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Studio Name: Sony Pictures
MPAA Rating: Unrated
Disc/Transfer Information: 2.40:1; Region 1 (U.S.) Release
Video Codec: MPEG-4 AVC
Tested Audio Track: English DTS-HD Master Audio 5.1
Director: Phillip Noyce
Starring Cast: Angelina Jolie



Angelina Jolips – whoops! I meant Jolie looks absolutely ravishing parading around in the Jason Bourne female counterpart thriller Salt, but there’s more to this than just raw sensuality. This was a clever, rapid-moving espionage actioneer that includes twists you’ll never see coming – trust me. Jolie stars in the title role as a CIA operative Evelyn Salt, who is suddenly thrown into what appears to be a mistaken Russian spy accusation/conspiracy dilemma. Everything is routine for the fast-talking, attractive CIA agent until the day a random Soviet-accented stranger strolls into their headquarters and claims he has secrets to tell the American intelligence community. Salt is asked to step into the interrogation chamber before she takes off work for some personal chores to question this guy and see if what he is offering is genuine or just a bunch of propaganda; sitting across a table from him, Salt begins her interrogation tactics in feeling him out.

The strange Russian man claims to have information regarding Russian sleeper spies (or what intelligence agencies call “moles”) working within the ranks of the CIA, and some other tidbits, but the real kicker comes when he tells Jolie’s character that she is indeed the Russian spy he’s talking about. Shocked and alerted, Salt rushes out of the room as her own partner and other agents corner her before she can leave the building to question her about this accusation. She appears to only be interested in protecting her husband at home, whom she desperately calls over and over but with no success in reaching. From there, we get the feeling that Jolie’s Salt character indeed has something to hide, as she attempts to flee the CIA building and the agents that have taken to chasing her. She ends up being trapped within different rooms in the building, locked down by CIA computer protocols, but because of her extensive training, she manages to worm her way out of each trap they set. Once Salt is out of the building and on the street, a full blown apprehension tactic is deployed by the agents as they chase her through the catacombs of Washington, DC. Director Phillip Noyce adds some spectacular chase sequences here, depicting Jolie jumping from speeding car rooftop to rooftop as the agents close in behind her; the energy during these action setpieces are pretty eye opening, and as exciting as any depicted in Taken, The Bourne Trilogy or any other rather recent actioneer.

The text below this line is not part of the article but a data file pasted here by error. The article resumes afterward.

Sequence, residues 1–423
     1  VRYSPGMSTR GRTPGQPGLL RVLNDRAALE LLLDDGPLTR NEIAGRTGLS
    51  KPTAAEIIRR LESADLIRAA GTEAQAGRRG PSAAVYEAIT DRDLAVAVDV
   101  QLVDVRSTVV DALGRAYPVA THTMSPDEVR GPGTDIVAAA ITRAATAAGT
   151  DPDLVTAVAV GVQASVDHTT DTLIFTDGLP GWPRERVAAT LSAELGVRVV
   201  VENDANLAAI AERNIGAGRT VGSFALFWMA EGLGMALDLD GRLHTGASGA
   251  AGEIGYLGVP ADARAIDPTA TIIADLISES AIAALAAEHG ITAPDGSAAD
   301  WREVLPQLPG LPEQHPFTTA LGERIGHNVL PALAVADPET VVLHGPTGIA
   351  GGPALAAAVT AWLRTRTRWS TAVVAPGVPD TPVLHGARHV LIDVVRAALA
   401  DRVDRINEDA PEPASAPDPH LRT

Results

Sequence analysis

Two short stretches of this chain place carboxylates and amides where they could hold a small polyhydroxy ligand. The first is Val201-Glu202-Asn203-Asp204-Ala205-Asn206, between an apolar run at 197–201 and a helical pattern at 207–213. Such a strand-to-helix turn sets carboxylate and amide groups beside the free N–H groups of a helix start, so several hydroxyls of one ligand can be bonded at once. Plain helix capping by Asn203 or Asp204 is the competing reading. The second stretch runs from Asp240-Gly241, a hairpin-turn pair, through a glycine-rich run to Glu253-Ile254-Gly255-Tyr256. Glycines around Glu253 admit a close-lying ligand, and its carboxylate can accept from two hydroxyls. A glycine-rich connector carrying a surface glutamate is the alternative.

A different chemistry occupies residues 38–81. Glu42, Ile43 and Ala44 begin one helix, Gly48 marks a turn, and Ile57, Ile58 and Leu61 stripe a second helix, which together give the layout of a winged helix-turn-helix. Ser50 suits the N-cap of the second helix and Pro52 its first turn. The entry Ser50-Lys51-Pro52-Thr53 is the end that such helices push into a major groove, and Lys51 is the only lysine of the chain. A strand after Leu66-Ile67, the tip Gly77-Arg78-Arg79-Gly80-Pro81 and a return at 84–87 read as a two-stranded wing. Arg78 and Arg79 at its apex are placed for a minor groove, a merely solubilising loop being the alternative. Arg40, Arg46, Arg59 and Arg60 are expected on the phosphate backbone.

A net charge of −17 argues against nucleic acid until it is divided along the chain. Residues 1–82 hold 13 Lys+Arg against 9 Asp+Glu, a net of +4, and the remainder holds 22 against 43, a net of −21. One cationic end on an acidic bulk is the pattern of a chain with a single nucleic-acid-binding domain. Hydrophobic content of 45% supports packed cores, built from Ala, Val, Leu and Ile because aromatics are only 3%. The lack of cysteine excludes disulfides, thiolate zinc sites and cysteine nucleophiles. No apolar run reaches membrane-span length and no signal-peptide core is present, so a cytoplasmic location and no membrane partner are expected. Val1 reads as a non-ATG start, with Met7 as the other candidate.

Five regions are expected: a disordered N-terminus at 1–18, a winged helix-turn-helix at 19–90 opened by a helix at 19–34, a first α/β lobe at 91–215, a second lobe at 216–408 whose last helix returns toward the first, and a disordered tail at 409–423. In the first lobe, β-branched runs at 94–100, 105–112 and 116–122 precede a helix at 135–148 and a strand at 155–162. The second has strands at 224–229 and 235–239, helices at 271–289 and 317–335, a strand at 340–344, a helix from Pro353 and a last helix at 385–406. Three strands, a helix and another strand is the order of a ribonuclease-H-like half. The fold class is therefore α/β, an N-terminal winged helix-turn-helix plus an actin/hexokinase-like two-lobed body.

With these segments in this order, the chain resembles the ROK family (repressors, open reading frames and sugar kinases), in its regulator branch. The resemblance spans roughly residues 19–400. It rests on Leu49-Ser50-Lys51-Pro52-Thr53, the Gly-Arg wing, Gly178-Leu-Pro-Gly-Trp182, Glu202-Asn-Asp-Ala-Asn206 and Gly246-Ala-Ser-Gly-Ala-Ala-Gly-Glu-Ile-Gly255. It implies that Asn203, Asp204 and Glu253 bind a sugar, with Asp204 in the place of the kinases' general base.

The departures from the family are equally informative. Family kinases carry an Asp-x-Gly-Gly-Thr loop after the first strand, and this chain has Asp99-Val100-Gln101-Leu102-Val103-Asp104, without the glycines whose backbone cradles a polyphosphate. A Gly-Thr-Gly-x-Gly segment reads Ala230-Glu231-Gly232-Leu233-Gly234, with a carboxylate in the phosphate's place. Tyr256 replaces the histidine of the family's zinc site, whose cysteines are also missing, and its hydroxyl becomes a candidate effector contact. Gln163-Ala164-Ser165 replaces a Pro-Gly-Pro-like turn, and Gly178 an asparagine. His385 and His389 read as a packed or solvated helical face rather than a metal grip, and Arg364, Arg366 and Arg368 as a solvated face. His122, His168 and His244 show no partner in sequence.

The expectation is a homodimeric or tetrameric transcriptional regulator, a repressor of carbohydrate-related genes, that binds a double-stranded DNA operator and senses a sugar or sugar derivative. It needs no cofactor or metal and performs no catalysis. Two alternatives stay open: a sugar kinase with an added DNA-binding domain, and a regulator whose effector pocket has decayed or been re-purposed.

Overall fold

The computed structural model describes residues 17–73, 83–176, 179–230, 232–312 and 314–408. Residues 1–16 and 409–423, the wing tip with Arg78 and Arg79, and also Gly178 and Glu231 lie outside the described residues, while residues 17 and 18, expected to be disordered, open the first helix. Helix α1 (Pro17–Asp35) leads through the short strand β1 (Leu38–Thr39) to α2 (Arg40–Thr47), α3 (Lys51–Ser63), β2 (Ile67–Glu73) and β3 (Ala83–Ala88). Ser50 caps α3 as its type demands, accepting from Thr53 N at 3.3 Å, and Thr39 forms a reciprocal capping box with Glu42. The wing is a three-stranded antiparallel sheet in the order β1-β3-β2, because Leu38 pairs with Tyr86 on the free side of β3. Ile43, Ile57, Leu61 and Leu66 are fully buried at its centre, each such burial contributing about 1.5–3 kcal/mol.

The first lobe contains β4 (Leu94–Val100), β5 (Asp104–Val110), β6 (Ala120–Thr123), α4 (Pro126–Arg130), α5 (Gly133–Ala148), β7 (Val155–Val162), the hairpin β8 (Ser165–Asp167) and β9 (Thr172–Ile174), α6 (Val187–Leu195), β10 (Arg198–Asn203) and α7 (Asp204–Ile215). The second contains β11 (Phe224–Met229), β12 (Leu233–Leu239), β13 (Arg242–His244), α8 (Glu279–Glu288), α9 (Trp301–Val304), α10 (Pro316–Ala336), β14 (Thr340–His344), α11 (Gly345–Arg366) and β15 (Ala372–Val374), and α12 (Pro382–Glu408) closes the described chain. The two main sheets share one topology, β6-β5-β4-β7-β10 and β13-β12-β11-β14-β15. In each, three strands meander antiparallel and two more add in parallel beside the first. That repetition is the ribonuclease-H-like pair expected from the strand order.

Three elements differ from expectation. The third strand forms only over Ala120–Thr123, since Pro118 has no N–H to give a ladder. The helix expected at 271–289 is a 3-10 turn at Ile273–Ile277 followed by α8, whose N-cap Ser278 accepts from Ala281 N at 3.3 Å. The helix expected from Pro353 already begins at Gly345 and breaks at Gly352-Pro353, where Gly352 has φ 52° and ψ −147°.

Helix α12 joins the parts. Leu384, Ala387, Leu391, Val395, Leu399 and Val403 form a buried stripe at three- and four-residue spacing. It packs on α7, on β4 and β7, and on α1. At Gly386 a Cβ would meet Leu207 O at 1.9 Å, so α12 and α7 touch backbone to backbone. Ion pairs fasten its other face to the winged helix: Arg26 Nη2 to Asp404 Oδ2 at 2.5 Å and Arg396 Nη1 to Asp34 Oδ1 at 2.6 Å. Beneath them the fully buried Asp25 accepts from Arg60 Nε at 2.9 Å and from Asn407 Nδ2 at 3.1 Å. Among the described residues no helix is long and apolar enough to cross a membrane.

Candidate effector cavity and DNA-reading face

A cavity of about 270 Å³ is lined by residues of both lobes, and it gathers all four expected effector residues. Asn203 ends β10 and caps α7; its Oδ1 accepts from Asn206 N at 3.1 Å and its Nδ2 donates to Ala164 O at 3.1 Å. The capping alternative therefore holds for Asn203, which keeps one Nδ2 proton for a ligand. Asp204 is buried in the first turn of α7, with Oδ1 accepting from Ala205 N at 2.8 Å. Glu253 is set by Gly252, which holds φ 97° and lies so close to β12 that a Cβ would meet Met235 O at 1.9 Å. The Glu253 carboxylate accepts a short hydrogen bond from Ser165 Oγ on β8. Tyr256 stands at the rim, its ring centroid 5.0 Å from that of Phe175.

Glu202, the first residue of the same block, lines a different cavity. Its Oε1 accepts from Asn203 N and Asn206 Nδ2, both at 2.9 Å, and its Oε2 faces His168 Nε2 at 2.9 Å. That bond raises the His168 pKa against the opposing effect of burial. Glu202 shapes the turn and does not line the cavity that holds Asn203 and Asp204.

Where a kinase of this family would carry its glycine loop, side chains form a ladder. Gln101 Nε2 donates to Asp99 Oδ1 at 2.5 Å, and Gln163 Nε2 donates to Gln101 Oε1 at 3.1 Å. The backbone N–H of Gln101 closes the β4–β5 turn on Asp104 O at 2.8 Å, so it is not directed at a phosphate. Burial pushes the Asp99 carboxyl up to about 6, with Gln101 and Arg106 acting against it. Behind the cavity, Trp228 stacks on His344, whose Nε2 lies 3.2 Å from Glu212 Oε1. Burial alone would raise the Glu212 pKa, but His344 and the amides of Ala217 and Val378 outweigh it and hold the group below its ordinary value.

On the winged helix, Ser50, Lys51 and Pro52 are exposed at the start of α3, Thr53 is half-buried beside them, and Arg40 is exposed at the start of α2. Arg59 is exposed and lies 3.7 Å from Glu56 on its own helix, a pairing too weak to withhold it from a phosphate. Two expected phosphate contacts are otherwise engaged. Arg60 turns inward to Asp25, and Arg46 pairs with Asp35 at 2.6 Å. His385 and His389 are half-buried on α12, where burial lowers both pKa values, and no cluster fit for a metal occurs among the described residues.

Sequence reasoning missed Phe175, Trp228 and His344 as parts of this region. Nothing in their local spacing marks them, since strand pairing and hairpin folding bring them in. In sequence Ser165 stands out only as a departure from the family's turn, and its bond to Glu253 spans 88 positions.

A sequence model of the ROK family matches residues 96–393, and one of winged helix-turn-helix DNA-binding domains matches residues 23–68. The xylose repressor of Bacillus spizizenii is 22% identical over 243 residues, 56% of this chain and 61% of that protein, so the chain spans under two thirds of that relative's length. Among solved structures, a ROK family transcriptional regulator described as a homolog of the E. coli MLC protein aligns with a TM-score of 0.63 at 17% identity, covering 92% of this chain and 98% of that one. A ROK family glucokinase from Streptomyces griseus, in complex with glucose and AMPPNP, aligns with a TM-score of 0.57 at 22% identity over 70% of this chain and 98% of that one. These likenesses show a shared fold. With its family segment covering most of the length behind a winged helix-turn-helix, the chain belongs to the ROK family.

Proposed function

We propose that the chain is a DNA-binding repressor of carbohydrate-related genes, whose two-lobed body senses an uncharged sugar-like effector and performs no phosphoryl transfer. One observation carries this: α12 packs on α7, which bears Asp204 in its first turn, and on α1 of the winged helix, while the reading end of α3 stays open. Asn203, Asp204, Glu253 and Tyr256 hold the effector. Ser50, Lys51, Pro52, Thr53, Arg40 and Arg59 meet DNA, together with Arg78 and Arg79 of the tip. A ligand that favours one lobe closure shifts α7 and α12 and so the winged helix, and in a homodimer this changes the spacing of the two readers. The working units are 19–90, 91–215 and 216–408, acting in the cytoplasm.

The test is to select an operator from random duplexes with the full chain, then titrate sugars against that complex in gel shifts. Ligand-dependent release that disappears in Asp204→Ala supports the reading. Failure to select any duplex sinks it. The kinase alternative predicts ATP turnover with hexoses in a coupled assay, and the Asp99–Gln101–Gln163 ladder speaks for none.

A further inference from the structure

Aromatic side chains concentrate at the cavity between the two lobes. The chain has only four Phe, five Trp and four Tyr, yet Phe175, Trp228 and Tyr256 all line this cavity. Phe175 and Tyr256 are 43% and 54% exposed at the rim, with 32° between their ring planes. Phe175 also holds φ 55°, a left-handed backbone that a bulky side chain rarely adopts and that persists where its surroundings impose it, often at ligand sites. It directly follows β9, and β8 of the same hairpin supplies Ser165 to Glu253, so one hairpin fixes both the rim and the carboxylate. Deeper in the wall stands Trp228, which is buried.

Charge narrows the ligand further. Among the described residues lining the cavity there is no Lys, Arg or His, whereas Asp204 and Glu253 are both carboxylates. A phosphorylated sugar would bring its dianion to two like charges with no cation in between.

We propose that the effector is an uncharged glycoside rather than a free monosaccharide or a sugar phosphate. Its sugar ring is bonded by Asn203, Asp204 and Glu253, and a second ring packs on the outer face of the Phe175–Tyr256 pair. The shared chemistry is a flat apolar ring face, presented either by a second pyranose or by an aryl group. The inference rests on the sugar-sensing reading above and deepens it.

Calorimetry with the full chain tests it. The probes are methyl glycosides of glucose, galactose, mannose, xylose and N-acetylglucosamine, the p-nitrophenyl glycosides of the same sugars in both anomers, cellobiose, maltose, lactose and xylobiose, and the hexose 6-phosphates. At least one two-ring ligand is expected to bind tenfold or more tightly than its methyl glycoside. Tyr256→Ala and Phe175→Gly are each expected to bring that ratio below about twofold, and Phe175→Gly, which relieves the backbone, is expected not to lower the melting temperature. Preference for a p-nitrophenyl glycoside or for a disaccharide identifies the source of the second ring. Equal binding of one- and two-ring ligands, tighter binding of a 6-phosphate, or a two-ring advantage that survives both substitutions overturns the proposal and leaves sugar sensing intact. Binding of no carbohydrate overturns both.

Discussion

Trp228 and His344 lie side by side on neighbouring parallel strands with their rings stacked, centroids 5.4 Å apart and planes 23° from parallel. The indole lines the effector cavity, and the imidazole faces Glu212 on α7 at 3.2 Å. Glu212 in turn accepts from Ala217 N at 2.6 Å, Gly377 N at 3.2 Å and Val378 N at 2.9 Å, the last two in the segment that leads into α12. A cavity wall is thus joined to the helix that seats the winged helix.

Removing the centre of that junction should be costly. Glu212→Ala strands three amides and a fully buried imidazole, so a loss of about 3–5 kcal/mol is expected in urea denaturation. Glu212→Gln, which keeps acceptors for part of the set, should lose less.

Of course, Salt manages to elude the agents after her – including her own partner that is questioning her innocence at this point – and when she arrives at her apartment, she discovers the husband has been seemingly taken in some kind of struggle. The remainder of Salt unravels the mystery behind Jolie’s character and the connection she has to the strange rogue Russian that wandered into CIA headquarters towards the beginning of the film – just bear in mind, nothing is what it seems. Additionally, there is an interesting twist with regard to her partner’s character, who is also very far from what he seems – when the two of them end up squaring off against one another in a White House emergency bunker after the President is physically removed from his power to launch nuclear weapons, the action in Salt really heats up. There is also a subplot involving the Russian that accused Salt of being a Soviet spy and what he plans on “using” Salt’s training for, and that revolves around the Russian president who visits New York to attend the U.S. Vice President’s funeral – it sounds thick and convoluted, but it was interesting. Again – you’ll never see certain aspects of the plot twists coming.


Many reviews of Salt on Blu-ray refer to the slightly washed out and soft looking images that pop up from time to time, notably in opening flashback sequences – and that’s true. However, the flip side to that coin is also true – that facial details, building structure close-ups and other elements pop in such a way that it can be concluded that Salt is everything a modern 1080p transfer should be.

While not dripping in mind-bending, eye-searing colors, Salt does have its moments of show quality, though most of the film is coated in less-bleached hues. As with films falling into this genre, the Blu-ray transfer renders some sequences a bit flat and uninvolving, notably in interior shots such as within the main character’s apartment or within the halls of the CIA catacombs. But this wasn’t a poor transfer by Sony, at all.


While not as exciting and in-your-face as many recent audio tracks from Sony releases, the English DTS-HD Master Audio mix in a 5.1 arrangement got the job done. Atmospheric cues, bullets/gunfire, general chaos and explosions were appropriate handled by the corresponding channels, and there was really nothing that remained memorable to my ears one way or another, save for maybe some slightly hushed dialogue levels.


There are three cuts of the film on this disc – I only sampled the theatrical original cut, but at some point when I replace the blown lamp on my projection display, I will revisit this title to watch the others.


Definitely worth a rental – this spy/intelligence genre in Hollywood has gotten layered with thick, syrupy copycats and spinoffs, but Salt seems to be a bit more interesting than many of them which have come and gone over the years. Jolie kicks some serious *** in certain parts of this, and if you like modern day spy/hero/heroine fighting sequences and battles a la the aforementioned Taken and The Bourne Trilogy, you’ll like Salt.

As for a purchase recommendation…again, the jury is still out on that one.
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